We can’t always use the built-in styles. Many of us will want to use custom typefaces in our apps. We can still do this without throwing away the important benefits dynamic type brings! If you’re targeting iOS 11 or above, use UIFontMetrics to help. Here’s how you might use it for Gill Sans:

if let gillSans = UIFont(name: "GillSans", size: 17) {
    myLabel.font = UIFontMetrics(forTextStyle: .body).scaledFont(for: gillSans)

Unlike the system fonts, this must be done in code. To keep things organised, you should extract your typography code. You may even want to use a library like BonMot, or Swash, which have support for dynamic type built in.

Testing your Dynamic Type

Accessibility Inspector

The Accessibility Inspector is a fabulous help! It’s built into Xcode. To open it, go to the Xcode Menu → Open Developer Tool → Accessibility Inspector.

From there, you can connect it to your app running in the simulator. You can use it to change font sizes and see how your app responds. It’s also a good opportunity to test how your design will look for users who have turned on reduced transparency, motion and inverted colours. These accessibility features are just as important!

When dynamic type is supported correctly, the interface stays usable throughout all font sizes


Reveal is especially useful while testing your app as well. You can use it to inspect and edit constraints while the app is running. This will allow you to find and fix any layout issues that arise as you scale your fonts.

Colour blindness

In your design, how much emphasis are you putting on colour? While we’re on the topic of designing for dynamic type, we should touch on colour blindness. Colour blindness, or colour vision deficiency, is a common condition found in 8% of males and 0.4% of females. People who are colourblind can’t see some colours or see them differently to other people. Colours that are easily differentiable to you may not be to everyone. Put simply: never rely on colour to make your app usable.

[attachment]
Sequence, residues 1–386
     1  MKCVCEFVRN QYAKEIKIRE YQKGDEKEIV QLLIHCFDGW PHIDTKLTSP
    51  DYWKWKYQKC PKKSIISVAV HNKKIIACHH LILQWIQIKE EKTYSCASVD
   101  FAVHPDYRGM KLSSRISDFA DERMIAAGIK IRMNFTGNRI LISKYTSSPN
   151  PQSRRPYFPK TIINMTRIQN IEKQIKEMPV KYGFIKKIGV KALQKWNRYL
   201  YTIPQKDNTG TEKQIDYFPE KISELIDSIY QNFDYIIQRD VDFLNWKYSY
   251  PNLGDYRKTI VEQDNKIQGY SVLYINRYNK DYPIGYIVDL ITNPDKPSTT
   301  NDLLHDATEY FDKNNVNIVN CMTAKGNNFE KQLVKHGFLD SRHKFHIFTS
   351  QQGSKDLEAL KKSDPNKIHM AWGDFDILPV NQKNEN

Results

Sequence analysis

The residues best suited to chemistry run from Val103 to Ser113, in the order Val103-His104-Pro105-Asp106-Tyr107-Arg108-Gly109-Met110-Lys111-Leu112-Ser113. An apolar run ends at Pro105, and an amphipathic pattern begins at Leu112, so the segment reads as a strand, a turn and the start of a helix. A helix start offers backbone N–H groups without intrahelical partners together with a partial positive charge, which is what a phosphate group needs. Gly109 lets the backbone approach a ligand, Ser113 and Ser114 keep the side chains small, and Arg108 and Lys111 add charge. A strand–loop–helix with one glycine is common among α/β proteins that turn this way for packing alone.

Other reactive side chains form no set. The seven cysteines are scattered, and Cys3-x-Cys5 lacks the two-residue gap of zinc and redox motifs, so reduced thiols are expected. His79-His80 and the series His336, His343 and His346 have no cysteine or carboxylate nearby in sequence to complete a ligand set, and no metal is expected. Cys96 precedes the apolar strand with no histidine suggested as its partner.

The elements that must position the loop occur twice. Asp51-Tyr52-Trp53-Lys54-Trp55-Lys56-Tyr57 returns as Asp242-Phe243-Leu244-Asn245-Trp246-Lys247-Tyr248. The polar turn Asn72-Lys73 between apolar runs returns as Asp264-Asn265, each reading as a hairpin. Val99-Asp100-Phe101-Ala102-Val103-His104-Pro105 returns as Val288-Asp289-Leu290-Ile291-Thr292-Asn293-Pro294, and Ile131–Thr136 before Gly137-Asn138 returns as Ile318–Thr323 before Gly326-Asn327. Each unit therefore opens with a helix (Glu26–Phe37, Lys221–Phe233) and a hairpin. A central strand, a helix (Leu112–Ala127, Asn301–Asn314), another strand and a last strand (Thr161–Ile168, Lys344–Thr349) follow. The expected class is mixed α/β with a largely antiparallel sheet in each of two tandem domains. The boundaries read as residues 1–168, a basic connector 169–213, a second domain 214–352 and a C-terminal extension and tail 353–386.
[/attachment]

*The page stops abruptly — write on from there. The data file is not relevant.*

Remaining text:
iOS provides colour filter to help you test your app for this. On a device, go to Settings → General → Accessibility → Display Accommodations. From there, you can add colour filters that apply to your entire device. Perfect for simulating how people who are colourblind will see your app. (Interestingly, screenshots do not have the filters applied — keep that in mind if sending a bug report.)

On a device, go to Settings → General → Accessibility → Display Accommodations and add a filter. This will help you see how your app looks to people who are colourblind

On a device, go to Settings → General → Accessibility → Display Accommodations and add a filter. This will help you see how your app looks to people who are colourblind

For designers, there are a number of tools and plugins to help you design for colour blindness. Stark is a plugin for Sketch which helps not just with colour blindness, but also contrast. Skala Preview from Bjango will help you to test your designs on device, and has built-in support for colour blindness testing.


Finally, I want to encourage you to think about the accessibility of your product from the very start. It’s not something you can add at the end just before you ship ‘if you get the time’. We all know better: you will not get the time.

Accessibility must be considered as part of every stage of the project. We already work testability into everything we do, why can’t we do this accessibility as well? Make a point of it when planning, and when estimating. Consider how it will be tested. Keep it in your mind and work it into each task you do.

Don’t do it as a separate job at the end of the sprint. Good design cannot be sprinkled over the top of a project once it’s over, and neither can accessibility. Good design must include all people. For the small amount of work it is, you will make a big difference to many people’s lives. And as I hope I’ve shown you, it’s not difficult!

In future blog posts, we shall explore more of the accessibility features in iOS. In particular: VoiceOver, the iOS screen-reader. VoiceOver takes visual accessibility further and focuses on people who may not be able to see or touch the screen. While a little more involved, we’ll see once you get started it’s very straightforward.

Further Reading

Written by
Huw Rowlands — Huw is a iOS Developer at Itty Bitty Apps. You can follow him on Twitter @huwr.